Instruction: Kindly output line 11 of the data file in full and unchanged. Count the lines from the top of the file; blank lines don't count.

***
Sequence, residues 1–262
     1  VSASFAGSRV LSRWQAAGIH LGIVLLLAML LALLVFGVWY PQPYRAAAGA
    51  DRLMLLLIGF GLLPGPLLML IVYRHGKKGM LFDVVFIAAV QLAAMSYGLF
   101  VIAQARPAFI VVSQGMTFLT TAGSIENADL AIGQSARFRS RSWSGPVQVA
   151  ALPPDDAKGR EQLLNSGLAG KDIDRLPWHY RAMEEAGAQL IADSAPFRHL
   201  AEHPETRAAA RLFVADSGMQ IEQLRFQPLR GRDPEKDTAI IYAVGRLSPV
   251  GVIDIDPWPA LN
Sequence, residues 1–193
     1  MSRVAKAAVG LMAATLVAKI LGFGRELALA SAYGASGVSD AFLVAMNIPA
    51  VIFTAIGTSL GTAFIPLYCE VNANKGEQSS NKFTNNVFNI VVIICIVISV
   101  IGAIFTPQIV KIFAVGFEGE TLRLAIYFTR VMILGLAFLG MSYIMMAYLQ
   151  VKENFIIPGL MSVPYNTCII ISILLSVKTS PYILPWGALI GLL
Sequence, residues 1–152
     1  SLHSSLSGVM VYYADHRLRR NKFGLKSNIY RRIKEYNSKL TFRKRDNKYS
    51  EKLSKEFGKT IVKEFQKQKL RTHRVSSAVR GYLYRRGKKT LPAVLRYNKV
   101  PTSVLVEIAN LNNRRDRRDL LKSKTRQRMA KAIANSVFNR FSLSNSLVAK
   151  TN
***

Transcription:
   101  IGAIFTPQIV KIFAVGFEGE TLRLAIYFTR VMILGLAFLG MSYIMMAYLQ